Spotlight dims, shyness sets in
There are politicians, business leaders and entertainers who seem perfectly capable of giving speeches, leading groups or performing in public but who self-identify as shy.
The New York Times
Speaking at an event sponsored by More magazine last year, Malaak Compton-Rock surprised the audience by revealing that her husband, the no-holds-barred comedian Chris Rock, is painfully shy. "At a dinner party, you want to sit next to me," she told the crowd.
Shyness is often misinterpreted: The shy may be thought of as aloof or arrogant. But most surprising are the secretly shy, those whom you would never suspect of reticence.
There are politicians (like former prime Minister Gordon Brown of Britain), business leaders (like the former Washington Post Publisher Katharine Graham) and entertainers (like Rock) who seem perfectly capable of giving speeches, leading groups or performing in public, sometimes exuberantly or outrageously, but who self-identify as shy.
"I'm always cast as the guy who has it easy, the cocky guy, the jock who beats up the karate kid," said Daniel Bess, an actor and musician in Los Angeles. "People assume I'm the opposite of how I feel. As soon as I hit puberty, I couldn't talk to another soul, and when it came to performing, I was terrified. But then I'd feel that ecstasy and keep chasing that high. Performing was joy and release.
"I've had success in these fields, but every time I go out there, I have to talk to myself, almost a version of the Stuart Smalley thing," Bess said, referring to the comical character created by Al Franken on "Saturday Night Live" who intoned in the mirror, "I'm good enough, I'm smart enough, and doggone it, people like me."
Bess sometimes hid his discomfiture at a party by having a fake conversation on his cellphone. Drinking helped (a solution known as "liquid extroversion"), but now he substitutes less-damaging forms of courage. "It's so annoying, the amount of things I have to do to be OK socially," he said. "I meditate, write in a journal, run, exercise and just try to get out of my own head."
The terms "shy" and "introvert" are used almost interchangeably and without distinction in the common parlance. "Psychologists debate about the overlap," said Susan Cain, author of the recent book "Quiet: The Power of Introverts in a World That Can't Stop Talking," which extols the power of those who prefer listening to speaking, or reading to socializing. "Shyness is fear of social judgment, a consuming worry about how people view you. Introversion is more about a preference for environments that are less stimulating: someone who'd rather have a glass of wine with a close friend than go to a cocktail party."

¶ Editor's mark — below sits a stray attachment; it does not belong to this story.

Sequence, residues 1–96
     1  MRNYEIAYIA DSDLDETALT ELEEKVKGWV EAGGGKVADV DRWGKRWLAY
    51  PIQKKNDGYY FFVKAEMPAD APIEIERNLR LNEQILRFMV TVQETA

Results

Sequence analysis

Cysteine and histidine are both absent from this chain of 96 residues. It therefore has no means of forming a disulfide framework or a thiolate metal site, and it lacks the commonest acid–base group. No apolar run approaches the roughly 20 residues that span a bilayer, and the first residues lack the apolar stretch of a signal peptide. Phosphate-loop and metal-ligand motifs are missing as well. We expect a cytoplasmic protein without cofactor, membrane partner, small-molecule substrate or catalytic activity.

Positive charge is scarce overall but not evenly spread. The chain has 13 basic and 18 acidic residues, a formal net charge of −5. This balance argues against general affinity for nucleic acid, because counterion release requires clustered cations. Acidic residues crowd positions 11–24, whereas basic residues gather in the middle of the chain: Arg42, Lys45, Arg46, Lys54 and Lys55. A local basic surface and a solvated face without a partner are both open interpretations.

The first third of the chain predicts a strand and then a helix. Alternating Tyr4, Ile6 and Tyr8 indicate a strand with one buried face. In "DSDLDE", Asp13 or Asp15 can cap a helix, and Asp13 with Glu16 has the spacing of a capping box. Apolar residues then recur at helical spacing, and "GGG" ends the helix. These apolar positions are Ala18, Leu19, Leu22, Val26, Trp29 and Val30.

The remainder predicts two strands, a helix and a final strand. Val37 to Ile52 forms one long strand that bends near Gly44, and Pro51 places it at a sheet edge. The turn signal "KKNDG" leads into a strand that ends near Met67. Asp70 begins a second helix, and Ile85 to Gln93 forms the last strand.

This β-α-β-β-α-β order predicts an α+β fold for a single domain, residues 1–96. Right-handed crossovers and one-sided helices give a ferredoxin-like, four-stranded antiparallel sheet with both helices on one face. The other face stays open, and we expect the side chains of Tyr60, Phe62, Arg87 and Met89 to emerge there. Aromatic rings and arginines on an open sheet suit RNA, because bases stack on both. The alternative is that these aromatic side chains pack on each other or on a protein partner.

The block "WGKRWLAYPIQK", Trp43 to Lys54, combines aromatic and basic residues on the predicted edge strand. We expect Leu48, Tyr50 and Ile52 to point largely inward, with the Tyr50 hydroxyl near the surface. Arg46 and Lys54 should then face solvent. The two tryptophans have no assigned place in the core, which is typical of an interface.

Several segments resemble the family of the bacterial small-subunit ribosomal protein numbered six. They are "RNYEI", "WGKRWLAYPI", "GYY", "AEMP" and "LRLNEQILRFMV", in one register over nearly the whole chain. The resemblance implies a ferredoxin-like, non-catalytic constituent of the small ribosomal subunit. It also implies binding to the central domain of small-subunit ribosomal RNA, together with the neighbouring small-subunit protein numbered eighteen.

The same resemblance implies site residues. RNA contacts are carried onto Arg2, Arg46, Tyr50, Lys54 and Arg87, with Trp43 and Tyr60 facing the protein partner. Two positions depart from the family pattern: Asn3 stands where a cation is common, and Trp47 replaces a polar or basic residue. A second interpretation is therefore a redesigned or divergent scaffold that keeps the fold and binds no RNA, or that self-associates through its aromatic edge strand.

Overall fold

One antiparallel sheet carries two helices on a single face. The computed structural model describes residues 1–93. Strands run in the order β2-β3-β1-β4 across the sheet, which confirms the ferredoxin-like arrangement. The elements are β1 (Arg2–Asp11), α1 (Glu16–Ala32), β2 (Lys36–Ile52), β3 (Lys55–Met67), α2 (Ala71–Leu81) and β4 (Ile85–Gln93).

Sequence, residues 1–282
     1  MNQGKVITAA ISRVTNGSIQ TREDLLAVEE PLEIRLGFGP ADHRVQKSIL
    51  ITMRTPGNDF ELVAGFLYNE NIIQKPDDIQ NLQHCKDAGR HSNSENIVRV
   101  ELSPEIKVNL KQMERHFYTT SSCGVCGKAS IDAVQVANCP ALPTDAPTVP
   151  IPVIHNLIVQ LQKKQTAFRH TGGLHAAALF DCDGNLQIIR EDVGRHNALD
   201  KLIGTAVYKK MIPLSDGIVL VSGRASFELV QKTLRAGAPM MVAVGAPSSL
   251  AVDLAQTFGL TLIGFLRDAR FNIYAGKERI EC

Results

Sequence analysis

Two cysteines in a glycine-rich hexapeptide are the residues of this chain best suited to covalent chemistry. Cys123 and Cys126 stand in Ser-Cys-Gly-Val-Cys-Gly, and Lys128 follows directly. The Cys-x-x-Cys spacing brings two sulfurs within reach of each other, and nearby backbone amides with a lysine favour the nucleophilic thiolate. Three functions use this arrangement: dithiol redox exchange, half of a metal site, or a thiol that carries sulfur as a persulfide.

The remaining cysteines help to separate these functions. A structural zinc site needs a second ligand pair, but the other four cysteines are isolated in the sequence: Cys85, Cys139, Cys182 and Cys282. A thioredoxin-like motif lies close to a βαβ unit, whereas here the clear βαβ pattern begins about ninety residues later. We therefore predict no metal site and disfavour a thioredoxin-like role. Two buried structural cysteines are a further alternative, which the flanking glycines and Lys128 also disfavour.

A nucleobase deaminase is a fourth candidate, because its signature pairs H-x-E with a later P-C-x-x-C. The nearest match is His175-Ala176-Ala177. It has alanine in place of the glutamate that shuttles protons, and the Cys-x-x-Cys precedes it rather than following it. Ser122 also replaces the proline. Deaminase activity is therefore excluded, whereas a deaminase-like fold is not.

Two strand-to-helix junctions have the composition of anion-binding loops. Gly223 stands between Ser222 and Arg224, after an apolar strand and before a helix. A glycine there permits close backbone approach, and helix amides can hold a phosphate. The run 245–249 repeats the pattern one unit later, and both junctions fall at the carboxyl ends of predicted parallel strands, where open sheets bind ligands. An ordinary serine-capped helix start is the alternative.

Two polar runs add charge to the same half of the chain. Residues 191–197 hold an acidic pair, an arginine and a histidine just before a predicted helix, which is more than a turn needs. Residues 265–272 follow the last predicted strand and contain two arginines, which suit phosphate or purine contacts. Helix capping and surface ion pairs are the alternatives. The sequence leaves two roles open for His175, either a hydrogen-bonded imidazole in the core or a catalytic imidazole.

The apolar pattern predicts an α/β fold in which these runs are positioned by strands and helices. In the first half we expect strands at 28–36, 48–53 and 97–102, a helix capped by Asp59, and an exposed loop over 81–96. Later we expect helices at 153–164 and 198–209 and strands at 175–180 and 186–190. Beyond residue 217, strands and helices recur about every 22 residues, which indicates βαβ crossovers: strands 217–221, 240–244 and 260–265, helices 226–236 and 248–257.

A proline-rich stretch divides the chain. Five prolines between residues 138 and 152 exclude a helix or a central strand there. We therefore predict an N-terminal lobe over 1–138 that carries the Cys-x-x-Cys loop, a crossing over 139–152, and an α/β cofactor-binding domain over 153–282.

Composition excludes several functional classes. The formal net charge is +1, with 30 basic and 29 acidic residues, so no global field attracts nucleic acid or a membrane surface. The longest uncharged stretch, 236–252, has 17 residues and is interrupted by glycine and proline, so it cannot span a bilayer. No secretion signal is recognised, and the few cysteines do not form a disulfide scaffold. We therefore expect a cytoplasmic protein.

Shyness exists on a continuum, from mild to paralyzing, according to Christopher Lane, a professor at Northwestern University and author of the book "Shyness: How Normal Behavior Became a Sickness."
"I am firmly of the belief that shyness and introversion are acquired, not passed on genetically," he said. "They're behavioral traits that people experience in early life, becoming part of their personality. It's only recently that we have begun to think of that behavior as a problem. In the '40s, '50s and '60s, there was far less expectation that people would be loquacious, more emphasis on being reserved."
"The secretly shy have acquired a facility to represent themselves as pseudo-extroverts, providing they have the right props and it's for a limited amount of time," Lane said. "Many are adept at moving into that role because they are highly attuned to social mores, and if there is a professional reason, if that's the expectation, it becomes draining. There are photographs of Gordon Brown slumping forward in exhaustion. He would stay up all night in anxiety about meeting with his Cabinet."